- "Let us not therefore judge one another any more: but judge this rather, that no man put a stumblingblock or an occasion to fall in his brother's way.
- I know, and am persuaded by the Lord Jesus, that there is nothing unclean of itself: but to him that esteemeth any thing to be unclean, to him it is unclean.
- But if thy brother be grieved with thy meat, now walkest thou not charitably. Destroy not him with thy meat, for whom Christ died.
- Let not then your good be evil spoken of:
- For the kingdom of God is not meat and drink; but righteousness, and peace, and joy in the Holy Ghost.
- For he that in these things serveth Christ is acceptable to God, and approved of men."
- "Then came to Jesus scribes and Pharisees, which were of Jerusalem, saying,
- Why do thy disciples transgress the tradition of the elders? for they wash not their hands when they eat bread."
- "And he called the multitude, and said unto them, Hear, and understand:
- Not that which goeth into the mouth defileth a man; but that which cometh out of the mouth, this defileth a man."
- "And he saith unto them, Are ye so without understanding also? Do ye not perceive, that whatsoever thing from without entereth into the man, it cannot defile him;
- Because it entereth not into his heart, but into the belly, and goeth out into the draught, purging all meats?"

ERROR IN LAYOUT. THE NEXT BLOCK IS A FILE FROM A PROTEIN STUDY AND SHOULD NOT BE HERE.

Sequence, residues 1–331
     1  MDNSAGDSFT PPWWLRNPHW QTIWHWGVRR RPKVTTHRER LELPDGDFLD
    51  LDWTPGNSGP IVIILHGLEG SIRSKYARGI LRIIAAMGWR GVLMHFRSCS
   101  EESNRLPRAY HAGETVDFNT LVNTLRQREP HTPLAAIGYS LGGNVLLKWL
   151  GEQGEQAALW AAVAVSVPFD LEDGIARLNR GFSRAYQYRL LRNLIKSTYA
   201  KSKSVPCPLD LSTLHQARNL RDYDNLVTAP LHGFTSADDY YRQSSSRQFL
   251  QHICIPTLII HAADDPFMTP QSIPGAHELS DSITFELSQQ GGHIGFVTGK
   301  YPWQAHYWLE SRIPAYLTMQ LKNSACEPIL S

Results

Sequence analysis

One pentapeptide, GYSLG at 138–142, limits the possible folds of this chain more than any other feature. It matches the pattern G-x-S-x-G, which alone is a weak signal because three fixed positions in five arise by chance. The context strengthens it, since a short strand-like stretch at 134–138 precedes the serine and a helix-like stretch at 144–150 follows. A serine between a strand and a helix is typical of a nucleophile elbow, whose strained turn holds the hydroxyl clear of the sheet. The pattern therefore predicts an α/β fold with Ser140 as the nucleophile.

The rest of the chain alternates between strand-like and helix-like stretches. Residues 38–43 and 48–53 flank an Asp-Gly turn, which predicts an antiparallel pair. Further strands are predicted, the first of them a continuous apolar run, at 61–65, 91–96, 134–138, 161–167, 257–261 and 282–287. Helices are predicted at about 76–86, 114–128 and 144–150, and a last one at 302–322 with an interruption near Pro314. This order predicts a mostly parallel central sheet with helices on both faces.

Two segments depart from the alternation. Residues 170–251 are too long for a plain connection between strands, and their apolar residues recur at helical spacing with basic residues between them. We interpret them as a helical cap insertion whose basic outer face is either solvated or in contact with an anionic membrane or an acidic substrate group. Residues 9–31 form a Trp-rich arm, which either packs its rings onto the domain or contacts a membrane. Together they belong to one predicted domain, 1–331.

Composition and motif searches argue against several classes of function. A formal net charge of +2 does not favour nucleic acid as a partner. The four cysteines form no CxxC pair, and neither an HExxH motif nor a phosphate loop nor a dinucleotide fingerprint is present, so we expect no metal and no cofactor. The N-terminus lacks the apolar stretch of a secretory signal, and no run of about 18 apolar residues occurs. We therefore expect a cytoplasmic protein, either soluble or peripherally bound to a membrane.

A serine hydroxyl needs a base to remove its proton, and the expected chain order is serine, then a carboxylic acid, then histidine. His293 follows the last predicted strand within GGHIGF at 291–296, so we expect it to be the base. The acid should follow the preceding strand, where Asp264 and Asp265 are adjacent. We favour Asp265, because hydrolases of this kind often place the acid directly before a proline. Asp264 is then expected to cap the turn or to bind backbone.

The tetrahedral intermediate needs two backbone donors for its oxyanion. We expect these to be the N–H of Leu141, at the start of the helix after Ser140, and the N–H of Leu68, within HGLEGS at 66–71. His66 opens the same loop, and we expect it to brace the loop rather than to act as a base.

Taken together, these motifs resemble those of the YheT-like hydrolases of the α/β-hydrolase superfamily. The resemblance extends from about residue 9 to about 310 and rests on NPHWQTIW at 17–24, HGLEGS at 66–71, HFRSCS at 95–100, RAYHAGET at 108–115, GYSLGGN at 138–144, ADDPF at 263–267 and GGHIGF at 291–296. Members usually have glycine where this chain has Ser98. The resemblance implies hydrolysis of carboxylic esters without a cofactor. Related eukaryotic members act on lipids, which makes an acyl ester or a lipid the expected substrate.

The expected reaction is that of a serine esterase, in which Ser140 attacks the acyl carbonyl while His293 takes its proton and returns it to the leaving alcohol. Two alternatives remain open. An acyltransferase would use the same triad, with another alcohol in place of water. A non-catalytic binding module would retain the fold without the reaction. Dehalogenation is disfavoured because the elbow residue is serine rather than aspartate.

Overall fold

Clearly Christ is teaching that it is not injurious products (germs because you didn't wash, ceremonial meat, ham, Lobster) that we might put into our mouths that will ultimately defile us, it is falsehoods and doctrines coming out of our mouth that will make us unclean. The laws concerning unclean animals were never instituted for good physical heath, but for our good spiritual health. They were to teach that there is a difference between the people of God who are clean before Him, and unbelievers who are deemed unclean. That this separation is necessary for keeping God's people a separated and holy people. The words clean and unclean are to be understood as purity and defilement in a spiritual, rather than physical sense. Peter having been raised in the Judaic traditions did not understand this at first, but as in Matthew 15:1-2, Christ further explained to him exactly what He was speaking about.
First, Christ wouldn't say that anything that someone puts into their mouth "cannot" defile them if what someone put into their mouth could defile them. We know that Christ would not say something that was not true. Thus, we know unequivocally that it is true. That's the starting point. If we knew something was poisonous and going to harm us, and we deliberately ate it, that would be a different matter. We would then be in violation of other rules and laws. Old Testament ceremonially unclean meats clearly cannot harm us.